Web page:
Mr Sunak – whose own grandparents arrived in the UK from India as legal migrants – would introduce a cap, set annually by parliament, on the number of refugees to be accepted by “safe and legal routes”, while ensuring that others are removed from the country.
Effectively barring the way to remaining in Britain for those entering the country by unauthorised routes, his plan states: “The only route to asylum in the UK will be a safe and legal route.”
A military-led Small Boats Taskforce, backed by investment in surveillance technology, would be given the resources and authority needed to “end small boat beach landings” and oversee the detention and removal of those crossing the Channel in dinghies.
Adapted cruise ships would be used as floating detention camps for migrants deemed to have arrived in the UK illegally, in a bid to rein in the £5m-a-day cost of housing them in hotels.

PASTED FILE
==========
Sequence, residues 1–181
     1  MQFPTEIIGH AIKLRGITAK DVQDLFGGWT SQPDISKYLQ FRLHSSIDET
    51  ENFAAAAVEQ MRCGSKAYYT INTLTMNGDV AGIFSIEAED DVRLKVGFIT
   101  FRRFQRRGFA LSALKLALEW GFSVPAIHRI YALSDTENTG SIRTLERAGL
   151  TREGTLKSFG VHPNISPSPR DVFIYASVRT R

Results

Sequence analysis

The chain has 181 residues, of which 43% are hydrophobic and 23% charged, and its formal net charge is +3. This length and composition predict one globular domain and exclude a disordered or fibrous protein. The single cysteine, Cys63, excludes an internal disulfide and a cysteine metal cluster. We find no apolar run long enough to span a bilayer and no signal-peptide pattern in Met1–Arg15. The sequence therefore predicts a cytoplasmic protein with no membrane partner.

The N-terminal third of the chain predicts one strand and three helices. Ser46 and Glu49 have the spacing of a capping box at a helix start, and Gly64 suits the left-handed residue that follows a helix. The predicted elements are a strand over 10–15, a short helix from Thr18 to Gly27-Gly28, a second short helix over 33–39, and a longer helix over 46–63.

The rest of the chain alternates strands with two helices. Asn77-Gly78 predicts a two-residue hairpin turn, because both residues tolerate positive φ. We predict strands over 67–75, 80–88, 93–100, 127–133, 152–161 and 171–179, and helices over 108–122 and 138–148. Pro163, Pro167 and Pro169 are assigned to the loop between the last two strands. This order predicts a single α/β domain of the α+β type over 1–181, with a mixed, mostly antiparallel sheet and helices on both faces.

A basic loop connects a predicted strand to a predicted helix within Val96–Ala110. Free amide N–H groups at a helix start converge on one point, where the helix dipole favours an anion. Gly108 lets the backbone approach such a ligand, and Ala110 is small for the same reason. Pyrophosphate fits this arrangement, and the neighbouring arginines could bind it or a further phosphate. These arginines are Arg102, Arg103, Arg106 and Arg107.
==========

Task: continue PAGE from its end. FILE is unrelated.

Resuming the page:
Mr Sunak would seek an urgent meeting with French president Emmanuel Macron in an effort to “hold the French to account”, with clear targets on stopping boats and “no options off the table”.
He promised to do “whatever it takes” to implement and scale up the agreement with Rwanda, under which the African country is paid to accept asylum seekers without their claims ever having been considered in the UK. And he said he would pursue similar arrangements with other states.
Meanwhile, penalties on businesses using illegal migrant labour would be toughened, and Mr Sunak would set a target of resolving 80 per cent of asylum claims within six months in order to reduce the current backlog of more than 100,000 applications awaiting an initial decision.
Mr Sunak, who supported Brexit, said his “reasonable, fair and proportionate” package would enable him to fulfil the Leave campaign’s promise to “take back control of our borders”.
“Right now the system is chaotic, with law-abiding citizens seeing boats full of illegal immigrants coming from the safe country of France, with our sailors and coastguards seemingly powerless to stop them,” he said. “It must stop, and if I am prime minister I will stop it.”
But Refugee Council CEO Enver Solomon urged both candidates in the Tory leadership race to “take a new direction” and to ditch the Rwanda scheme in favour of safe routes and humanitarian visas.